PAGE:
In a world where magical heritage is punishable by death, a young boy named Wynd must keep his true identity – and pointy ears – a secret from everyone in Pipetown, even if it means he’ll never have the normal life he wants. But when his secret is threatened, Wynd is forced to leave his home behind to embark on a dangerous quest that will put him at the heart of a royal conspiracy beyond his imagination.
From the Tales of the Arabian Nights to Tolkien’s Lord of the Rings to Jeff Smith’s Bone, fantasy has always been ripe for escape, but also ripe for social commentary. Whether or not the reader is willing to indulge in such a plunge completely depends on how well the writer can make parallels to real life while still keeping the reader’s head in the clouds.
The way that the story unfolds in Wynd #1 is quite appropriate to its title: it breezes by in a very leisurely pace, parceling out information clearly without the need for clunky exposition or even outside commentary.
Writer James Tynion IV (Something is Killing the Children, Batman) displays some incredible confidence in letting his story tell the story. A simple conceit that speaks volume in the right hands — and voice. Wynd flows.
Where the title was originally set to be published in a one-volume graphic novel at the end of the year, Wynd publisher BOOM! Studios thought it would be a better idea to parcel out the story into individual installments. I have to concede that the idea has some merit. The first issue leaves readers on a cliffhanger that’s both frustrating and pregnant with possibility. “What is the big secret? Tune in next month for…”
Wynd takes place in Pipetown, a hardscrabble community where it seems most residents either work hard labor for the Engineering Corps or for the Royal family. The titular character is a pointy-eared young man who works in a restaurant along with its cook, Titus, and the buoyant bartender Miss Molly who looks after Wynd and her own daughter Oakley.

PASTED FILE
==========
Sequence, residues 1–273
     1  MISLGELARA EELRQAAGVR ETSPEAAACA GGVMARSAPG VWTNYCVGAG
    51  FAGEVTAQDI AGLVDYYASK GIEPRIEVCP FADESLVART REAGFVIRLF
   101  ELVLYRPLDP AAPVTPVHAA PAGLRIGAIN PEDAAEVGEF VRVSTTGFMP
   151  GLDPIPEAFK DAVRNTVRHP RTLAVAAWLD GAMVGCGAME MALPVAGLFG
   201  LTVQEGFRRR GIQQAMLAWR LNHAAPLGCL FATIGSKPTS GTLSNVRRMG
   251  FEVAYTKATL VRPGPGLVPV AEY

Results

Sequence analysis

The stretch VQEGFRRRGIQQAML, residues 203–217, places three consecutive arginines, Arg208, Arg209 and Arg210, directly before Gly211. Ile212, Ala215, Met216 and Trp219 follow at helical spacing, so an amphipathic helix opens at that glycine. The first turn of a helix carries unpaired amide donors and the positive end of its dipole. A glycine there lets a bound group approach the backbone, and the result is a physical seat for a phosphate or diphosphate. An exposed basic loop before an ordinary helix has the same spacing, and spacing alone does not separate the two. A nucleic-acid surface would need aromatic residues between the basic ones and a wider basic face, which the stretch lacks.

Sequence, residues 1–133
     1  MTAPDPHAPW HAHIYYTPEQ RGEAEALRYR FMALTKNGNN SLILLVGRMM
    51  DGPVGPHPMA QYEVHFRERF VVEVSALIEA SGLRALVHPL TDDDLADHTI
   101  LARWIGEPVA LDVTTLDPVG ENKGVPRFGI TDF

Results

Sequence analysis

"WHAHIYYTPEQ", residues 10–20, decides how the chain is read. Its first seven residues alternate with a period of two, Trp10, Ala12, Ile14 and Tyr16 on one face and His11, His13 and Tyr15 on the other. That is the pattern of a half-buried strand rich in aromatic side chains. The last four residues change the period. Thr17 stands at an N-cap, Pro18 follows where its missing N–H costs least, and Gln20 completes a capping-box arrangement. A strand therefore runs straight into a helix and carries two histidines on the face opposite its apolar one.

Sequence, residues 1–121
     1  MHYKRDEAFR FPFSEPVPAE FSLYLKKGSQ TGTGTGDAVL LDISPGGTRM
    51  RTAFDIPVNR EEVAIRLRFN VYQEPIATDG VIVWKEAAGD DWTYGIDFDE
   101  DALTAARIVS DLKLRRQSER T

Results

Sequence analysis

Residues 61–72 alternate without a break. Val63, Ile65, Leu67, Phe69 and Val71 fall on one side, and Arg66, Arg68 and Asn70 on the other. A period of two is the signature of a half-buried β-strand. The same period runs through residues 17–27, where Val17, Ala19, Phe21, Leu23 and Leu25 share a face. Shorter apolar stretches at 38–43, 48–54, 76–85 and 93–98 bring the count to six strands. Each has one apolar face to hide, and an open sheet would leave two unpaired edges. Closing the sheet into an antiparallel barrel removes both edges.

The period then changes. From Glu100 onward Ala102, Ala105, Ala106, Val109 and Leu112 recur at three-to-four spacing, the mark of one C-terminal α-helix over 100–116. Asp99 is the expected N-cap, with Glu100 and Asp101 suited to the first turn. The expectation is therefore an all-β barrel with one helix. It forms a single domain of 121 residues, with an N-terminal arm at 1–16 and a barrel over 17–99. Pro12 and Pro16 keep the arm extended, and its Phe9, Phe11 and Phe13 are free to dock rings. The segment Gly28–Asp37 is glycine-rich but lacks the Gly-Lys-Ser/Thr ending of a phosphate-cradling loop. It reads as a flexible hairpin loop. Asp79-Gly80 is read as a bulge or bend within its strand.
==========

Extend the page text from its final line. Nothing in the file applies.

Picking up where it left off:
But this is also a land where magical creatures (referred to as “weirdbloods” by one character, Henry) are forbidden and punishable by death — presented in a rather shocking scene towards the end of the first issue.
The art, by Michael Dialynas (Teenage Mutant Ninja Turtles), both crisp and soft and with a color palette of muted pastel hues, makes that scene even more heartbreaking. Throughout the book, the graphics are presented in a playful, animated manner, which makes the scenes of Henry’s casual xenophobia (bemoaning opposition to oppressive “Blood Laws” after something called “the culling”) all the more unexpected — and resonant. The enforcer of these laws is a character appropriately named The Bandaged Man who oozes spooky menace.
As the story unfolds in a quiet, straightforward manner, certain details that were missed or taken for granted come back into play with renewed gravity, such as Wynd’s ears. There’s also a potential love story between Wynd and the royal gardener’s son that’s treated relaxed and unassumingly.
But is it any good? Yes. Very much so. Wynd reads like it’s just on the precipice of just getting started, which makes sense considering the story’s publishing history. As far as that social commentary I mentioned? There’s no denying that stories about oppression, bigotry and hiding from both are as timeless as they get, but they do seem especially relevant at the moment.
As it is, I’m looking forward to seeing how high Wynd can fly. BOOM! Studios is our acting Shaharazad and the reader is getting the best seat in the house.
Wynd #1, BOOM! Studios, released 17 June, 2020; Written by James Tynion IV, art by Michael Dialynas, letters by Aditya Bidikar, edited by Eric Harburn with assistant editor Gwen Waller.